God's President: Mugabe of Zimbabwe by Kwame Kwei-Armah

Contact Us

BBC Radio 4, 10 December 2010
The play tells the story of the tense negotiations that led towards the signing of the Lancaster House agreement in 1979, which paved the way for Zimbabwe's independence. It shows the complexity of the process: there was no one party representing the Rhodesian/ Zimbabwean white and black populations, but rather a series of competing groups, each with their own particular aims and objectives. The whites were led by former President Ian Smith (William Gaminara), who was determined not to cede anything to the blacks if he could help it, while simultaneously understanding that white minority rule could no longer prevail. The focus of black interests centred on Joshua Nkomo (Jude Akuwudike) and Robert Mugabe (Lucian Msamati), who led their own particular groups. Mugabe was portrayed as a shrewd political operator with a sense of the justness of his cause; having seen his own people slaughtered in cold blood by the whites - with tacit support from the British - he was in no mood to make concessions.
While not actively sympathizing with Mugabe, the play suggests that his stance was perfectly justified; he did not trust the British, the whites, or the other black groups. Maybe his suspicions were justified: the British negotiating team led by Lord Carrington (Richard Cordery) were perpetually trying to forge deals with Nkomo and Bishop Muzorewa (Chuk Iwuji) away from the negotiating-table (sometimes even in the washrooms). Even though Carrington repeatedly protests his innocence, it seems as if his position concerning Rhodesia/ Zimbabwe's independence is dominated by the colonialist mentality. The country can have self-government, so long as a British statesperson is there to oversee the transformation.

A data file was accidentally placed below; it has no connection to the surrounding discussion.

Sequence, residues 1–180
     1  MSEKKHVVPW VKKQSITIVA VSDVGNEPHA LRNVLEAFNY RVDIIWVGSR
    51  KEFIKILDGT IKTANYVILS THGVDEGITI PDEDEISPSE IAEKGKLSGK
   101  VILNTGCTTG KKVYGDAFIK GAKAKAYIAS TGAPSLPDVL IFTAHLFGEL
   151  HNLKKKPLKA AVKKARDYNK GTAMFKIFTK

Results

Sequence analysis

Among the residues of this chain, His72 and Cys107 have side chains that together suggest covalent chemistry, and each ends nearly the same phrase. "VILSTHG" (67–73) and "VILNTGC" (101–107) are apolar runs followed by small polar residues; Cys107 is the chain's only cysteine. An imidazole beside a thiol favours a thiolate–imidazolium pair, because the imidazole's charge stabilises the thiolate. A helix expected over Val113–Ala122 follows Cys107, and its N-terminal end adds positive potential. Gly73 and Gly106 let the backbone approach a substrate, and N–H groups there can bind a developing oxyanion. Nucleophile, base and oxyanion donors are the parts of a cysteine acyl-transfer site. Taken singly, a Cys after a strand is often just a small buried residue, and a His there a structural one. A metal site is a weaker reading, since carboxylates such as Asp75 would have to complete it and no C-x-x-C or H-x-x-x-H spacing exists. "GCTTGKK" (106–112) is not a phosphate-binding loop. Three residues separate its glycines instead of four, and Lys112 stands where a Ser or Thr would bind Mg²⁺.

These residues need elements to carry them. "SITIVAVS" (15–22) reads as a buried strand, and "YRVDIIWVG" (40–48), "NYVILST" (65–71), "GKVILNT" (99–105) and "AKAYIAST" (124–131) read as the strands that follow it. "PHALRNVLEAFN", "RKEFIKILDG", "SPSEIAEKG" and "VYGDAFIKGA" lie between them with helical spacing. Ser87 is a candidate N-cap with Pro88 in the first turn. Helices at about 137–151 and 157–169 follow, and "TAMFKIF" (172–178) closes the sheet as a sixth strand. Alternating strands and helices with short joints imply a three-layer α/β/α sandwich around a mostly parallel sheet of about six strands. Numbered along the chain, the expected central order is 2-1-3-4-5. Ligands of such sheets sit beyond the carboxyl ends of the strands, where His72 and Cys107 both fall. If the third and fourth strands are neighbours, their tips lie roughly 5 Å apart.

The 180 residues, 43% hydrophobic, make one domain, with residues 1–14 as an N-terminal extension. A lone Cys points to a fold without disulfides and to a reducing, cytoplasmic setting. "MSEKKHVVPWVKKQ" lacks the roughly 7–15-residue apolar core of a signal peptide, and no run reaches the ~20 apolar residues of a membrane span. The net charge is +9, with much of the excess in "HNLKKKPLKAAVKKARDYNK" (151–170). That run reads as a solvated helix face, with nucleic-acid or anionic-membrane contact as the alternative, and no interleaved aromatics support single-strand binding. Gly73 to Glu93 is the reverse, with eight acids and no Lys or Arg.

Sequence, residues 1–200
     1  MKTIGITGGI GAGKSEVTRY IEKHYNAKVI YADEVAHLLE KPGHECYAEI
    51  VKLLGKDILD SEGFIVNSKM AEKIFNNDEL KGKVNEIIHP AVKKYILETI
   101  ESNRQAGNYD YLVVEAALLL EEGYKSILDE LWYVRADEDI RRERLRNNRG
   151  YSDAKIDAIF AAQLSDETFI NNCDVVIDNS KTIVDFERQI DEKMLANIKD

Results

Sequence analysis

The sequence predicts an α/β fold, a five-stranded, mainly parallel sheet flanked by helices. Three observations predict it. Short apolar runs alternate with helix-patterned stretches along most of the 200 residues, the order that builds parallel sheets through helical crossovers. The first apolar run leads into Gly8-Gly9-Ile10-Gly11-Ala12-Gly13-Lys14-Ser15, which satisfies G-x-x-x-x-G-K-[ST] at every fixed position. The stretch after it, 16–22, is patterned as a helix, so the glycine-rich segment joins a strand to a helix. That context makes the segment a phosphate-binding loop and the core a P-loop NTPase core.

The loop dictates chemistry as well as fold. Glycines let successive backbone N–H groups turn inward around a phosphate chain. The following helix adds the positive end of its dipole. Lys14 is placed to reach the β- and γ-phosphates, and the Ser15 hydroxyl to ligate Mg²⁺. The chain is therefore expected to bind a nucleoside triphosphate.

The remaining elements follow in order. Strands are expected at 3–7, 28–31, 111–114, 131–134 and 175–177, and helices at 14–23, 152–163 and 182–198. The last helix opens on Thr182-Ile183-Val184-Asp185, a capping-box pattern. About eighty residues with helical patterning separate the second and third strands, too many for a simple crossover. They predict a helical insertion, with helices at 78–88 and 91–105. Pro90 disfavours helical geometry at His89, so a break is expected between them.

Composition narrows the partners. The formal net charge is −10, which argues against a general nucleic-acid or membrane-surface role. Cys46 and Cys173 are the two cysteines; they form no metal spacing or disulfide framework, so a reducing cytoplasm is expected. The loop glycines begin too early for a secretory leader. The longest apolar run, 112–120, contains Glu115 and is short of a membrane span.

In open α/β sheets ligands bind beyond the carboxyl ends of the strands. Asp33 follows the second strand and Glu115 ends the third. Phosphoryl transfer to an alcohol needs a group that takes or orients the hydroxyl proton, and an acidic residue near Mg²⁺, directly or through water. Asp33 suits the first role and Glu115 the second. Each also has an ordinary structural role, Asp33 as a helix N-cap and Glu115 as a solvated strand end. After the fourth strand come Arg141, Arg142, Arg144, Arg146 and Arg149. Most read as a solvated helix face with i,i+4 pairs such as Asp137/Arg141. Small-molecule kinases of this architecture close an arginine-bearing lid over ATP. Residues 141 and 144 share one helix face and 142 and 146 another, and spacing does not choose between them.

God's President tells a chronological tale, punctuated with flashbacks to earlier periods in Mugabe's career (for example, his imprisonment by the British) that help us to understand his position better. While Kwame Kwei-Armah does not exactly call for a redefinition of Mugabe's public image, he does invite us to understand the Zimbabwean leader's motives, and why he acted as he did in the late 1970s. From a present-day perspective, the play also explains why Mugabe has become more and more entrenched in his attitudes, and why he expelled white Zimbabweans once he ascended to the presidency of his country. They were always a threat to his position, even though they protested their loyalty to his cause. The director of this Friday Play was Jeremy Mortimer.